Written during my late daughter’s lifetime :
Shall we arise late this next Sunday morning
In the time-honoured way parents do?
Shall we lie snug and warm in our big double bed
Half-listening the sound of your hesitant tread
And the peep round the door of your golden-curled head
Before clambering in with us too?
Shall we go down to egg-dipped toast soldiers
Your small hand in mine down the stairs?
To a kitchen alive with your three-year-old patter,
To a garden a-song with the birds’ chirp and chatter,
In the lull before lawnmowers grumble and clatter
At the on-set of Sunday’s affairs?
I would it were so
But it can’t be, I know
For my darling knows nothing
Mum will carry you downstairs as usual
In the small hours that are still part of night,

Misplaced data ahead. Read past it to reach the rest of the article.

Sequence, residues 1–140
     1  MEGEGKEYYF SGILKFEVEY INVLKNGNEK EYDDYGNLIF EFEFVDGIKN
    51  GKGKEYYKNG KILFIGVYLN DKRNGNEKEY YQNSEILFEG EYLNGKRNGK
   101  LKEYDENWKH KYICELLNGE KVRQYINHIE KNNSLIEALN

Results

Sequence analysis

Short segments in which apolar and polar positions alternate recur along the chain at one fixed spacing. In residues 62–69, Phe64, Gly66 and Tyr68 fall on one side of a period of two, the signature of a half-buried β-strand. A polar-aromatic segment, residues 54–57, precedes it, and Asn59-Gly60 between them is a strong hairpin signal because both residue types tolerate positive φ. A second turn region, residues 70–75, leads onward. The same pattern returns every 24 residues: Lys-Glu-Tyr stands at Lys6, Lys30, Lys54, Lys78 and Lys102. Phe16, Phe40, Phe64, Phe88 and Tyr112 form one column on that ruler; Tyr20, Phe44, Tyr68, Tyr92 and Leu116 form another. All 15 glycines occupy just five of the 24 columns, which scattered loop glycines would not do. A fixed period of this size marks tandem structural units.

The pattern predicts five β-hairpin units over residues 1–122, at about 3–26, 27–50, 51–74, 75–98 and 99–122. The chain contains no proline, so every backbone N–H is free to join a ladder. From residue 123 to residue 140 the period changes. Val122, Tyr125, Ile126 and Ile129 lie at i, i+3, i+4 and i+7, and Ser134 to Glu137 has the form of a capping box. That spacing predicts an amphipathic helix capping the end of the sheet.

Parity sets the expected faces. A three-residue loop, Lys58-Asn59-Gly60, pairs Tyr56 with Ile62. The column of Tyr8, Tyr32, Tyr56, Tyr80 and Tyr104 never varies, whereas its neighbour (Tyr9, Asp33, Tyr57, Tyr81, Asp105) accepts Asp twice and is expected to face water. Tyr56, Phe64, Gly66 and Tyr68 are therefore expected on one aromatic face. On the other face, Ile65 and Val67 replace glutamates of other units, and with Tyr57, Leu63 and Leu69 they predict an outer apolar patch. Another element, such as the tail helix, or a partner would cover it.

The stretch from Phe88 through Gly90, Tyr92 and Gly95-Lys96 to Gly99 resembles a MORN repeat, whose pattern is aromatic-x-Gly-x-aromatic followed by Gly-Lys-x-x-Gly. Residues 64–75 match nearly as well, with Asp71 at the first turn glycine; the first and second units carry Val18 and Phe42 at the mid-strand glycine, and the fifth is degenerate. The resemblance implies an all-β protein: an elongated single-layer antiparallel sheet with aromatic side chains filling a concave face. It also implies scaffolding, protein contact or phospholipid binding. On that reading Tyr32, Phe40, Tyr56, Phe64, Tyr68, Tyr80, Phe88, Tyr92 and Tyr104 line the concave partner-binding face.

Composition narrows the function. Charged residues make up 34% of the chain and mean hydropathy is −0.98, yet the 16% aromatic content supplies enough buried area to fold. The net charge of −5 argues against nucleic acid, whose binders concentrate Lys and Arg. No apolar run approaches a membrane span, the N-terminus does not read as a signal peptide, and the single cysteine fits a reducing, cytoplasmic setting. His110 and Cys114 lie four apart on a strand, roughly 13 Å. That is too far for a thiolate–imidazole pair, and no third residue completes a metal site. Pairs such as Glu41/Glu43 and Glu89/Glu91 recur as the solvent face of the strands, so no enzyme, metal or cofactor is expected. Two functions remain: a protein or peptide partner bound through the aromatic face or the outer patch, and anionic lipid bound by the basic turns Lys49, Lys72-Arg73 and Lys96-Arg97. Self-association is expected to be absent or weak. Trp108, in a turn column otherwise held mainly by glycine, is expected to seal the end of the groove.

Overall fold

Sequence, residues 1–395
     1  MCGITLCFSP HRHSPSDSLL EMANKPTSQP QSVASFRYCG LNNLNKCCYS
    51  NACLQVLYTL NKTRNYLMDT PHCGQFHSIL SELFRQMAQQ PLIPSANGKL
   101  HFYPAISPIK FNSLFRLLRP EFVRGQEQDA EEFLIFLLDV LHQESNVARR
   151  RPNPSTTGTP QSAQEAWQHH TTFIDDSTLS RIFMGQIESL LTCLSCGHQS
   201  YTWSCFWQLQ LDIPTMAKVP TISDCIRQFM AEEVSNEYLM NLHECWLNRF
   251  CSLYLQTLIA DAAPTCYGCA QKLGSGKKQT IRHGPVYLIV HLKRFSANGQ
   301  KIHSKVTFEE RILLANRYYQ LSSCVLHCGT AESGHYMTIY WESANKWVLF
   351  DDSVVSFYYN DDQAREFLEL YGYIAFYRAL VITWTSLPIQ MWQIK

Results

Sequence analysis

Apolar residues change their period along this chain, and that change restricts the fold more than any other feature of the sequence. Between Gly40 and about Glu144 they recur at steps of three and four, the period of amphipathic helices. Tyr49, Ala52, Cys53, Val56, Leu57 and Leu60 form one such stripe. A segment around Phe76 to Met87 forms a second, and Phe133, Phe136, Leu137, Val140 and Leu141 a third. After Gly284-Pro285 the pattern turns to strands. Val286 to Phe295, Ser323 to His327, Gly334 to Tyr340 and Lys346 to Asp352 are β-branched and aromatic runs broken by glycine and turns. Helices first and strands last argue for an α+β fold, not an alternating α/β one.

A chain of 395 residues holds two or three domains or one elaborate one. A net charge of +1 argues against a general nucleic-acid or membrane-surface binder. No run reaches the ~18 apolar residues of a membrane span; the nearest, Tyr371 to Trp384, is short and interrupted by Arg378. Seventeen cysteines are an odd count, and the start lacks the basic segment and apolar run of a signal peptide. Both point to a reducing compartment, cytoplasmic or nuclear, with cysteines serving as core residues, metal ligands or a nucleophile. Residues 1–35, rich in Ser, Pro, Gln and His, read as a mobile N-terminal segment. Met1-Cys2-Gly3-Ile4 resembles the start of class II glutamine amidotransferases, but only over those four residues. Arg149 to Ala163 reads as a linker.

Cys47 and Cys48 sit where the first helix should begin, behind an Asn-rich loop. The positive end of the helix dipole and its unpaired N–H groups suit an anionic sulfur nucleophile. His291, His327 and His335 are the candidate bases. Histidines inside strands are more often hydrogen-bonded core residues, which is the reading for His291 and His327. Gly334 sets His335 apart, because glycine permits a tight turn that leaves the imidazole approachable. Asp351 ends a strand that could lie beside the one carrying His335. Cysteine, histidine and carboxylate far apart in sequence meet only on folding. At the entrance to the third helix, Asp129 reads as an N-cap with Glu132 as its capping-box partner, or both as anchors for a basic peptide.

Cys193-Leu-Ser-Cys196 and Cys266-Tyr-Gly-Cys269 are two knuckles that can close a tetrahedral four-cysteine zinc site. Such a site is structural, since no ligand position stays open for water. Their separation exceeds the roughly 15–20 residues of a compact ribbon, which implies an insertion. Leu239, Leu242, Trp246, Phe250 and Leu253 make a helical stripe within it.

Knowing we face yet another long day
Of hoping the food that you’ve taken will stay
That you’ll grow that bit stronger, keep infection at bay,
In this wearying round of life’s fight.
For my darling’s not like other children,
Almost lost to us once without warning,
Cannot walk, cannot talk can’t our Treasure,
And Fate stole her sight for good measure,
Yet no-one will know greater pleasure
Than we, when she smiles, Sunday morning.
“I don’t know how you can cope.”
They stood by my daughter’s hospital cot and shook their heads. Parents/carers with their own children receiving attention, some for epilepsy, some for infections, some for bone breakages or burns.
She was massively handicapped, had a cocktail of problems that nothing, in the end, but death could cure, and our hearts were broken.
Down in the waiting room, the one place you could smoke then, I listened to a woman rant at her husband about the delay they were having, waiting for a medic to get back to them about her daughter’s broken arm.
A broken arm? Part of me thought. Jesus, what’s that?
And then it struck me. This was her child. There was no scale of bad-to-terrible for her, it just hurt, and hurt and hurt.
She wasn’t making an unnecessary fuss. She was simply grieving.